July 27, 2009

House Agriculture Passes Meaningless Animal Welfare Bills

Sierra Club Press Statement by Gayle Miller, Legislative Director

Today the House Agriculture Committee passed a package of so-called Animal Welfare bills over the strong objections of the environmental community, the Michigan Farmers Union representing small, non-industrialized farms, the State Bar of Michigan, faith groups, animal welfare organizations and more. Four of the six democrats on the committee opposed the bills or passed when the vote was taken.
The bills set up an expensive and unnecessary regulatory process requiring all farms in the state – from animal factories on down to hobby farmers – to hire auditors to oversee the way they care for their animals. The farm audit system established in the bills specifies that the auditor work for the farm, and not the people of Michigan, creating an immediate conflict of interest. What’s worse, all information collected by the auditor stays on the farm, guaranteeing that the public can learn nothing about the food they eat.

After four hours of vigorous debate in the committee, and vocal opposition by Rep. Vicki Barnett (D-Farmington Hills), even the Department of Agriculture agreed that the state already has the authority to require better standards for animal welfare. The bills, however, actually put implementation of existing animal welfare standards on hold until 2020, delaying compliance with care standards that should already be in place – meaning the bills are a stall tactic.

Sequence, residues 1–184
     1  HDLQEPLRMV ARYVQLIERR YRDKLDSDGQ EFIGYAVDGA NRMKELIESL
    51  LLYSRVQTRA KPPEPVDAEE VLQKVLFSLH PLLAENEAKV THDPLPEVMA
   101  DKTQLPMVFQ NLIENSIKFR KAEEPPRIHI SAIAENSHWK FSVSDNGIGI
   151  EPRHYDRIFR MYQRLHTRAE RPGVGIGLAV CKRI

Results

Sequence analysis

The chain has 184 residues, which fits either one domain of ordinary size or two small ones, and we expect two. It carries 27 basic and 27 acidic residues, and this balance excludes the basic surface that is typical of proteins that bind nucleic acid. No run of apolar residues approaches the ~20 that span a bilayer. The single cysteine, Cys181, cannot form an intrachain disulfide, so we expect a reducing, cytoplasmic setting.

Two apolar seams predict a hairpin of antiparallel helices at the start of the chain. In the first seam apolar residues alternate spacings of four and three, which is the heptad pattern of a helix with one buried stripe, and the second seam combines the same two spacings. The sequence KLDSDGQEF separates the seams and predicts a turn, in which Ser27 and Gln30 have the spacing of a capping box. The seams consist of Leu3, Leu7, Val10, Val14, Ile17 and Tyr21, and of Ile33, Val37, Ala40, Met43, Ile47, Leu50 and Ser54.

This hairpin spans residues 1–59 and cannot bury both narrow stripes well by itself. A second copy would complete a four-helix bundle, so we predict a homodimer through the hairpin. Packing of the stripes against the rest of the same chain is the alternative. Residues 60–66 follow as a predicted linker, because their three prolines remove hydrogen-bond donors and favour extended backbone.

Representatives Barnett and Valentine (D-Muskegon) urged Chairman Simpson (D-Jackson) to postpone a vote on the bills so that a workgroup could be established that would include a broader section of the public and farming community. However, the bills as passed by the Committee today were negotiated behind closed doors between the Chairman, the Farm Bureau and industrial producer groups. Other groups were not invited.

The Sierra Club is particularly concerned with the self-regulatory audit program. Similar programs suggesting how animal factories operate have for years enabled CAFOs to cause severe air and water pollution in rural communities while preventing rural residents and communities from protecting their public health.

Fundamentally the package of bills is designed to keep the public from knowing how their food is produced. The horrific conditions often found within animal factories will not be solved by this package, but will instead allow business to continue as usual. The public will have less, not more, information and confidence in the quality of their food if these bills pass.

People who have first-hand knowledge of CAFO-style food production are seeking alternatives – thus the boom in farm markets and direct, farm-to-consumer marketing. Unfortunately, the small producers feeding these hungry markets will be unfairly burdened by these new regulations.

The Farm Bureau and industrial agriculture have fought meaningful regulation for years. The fact that these groups are now asking for additional regulation should raise a red flag.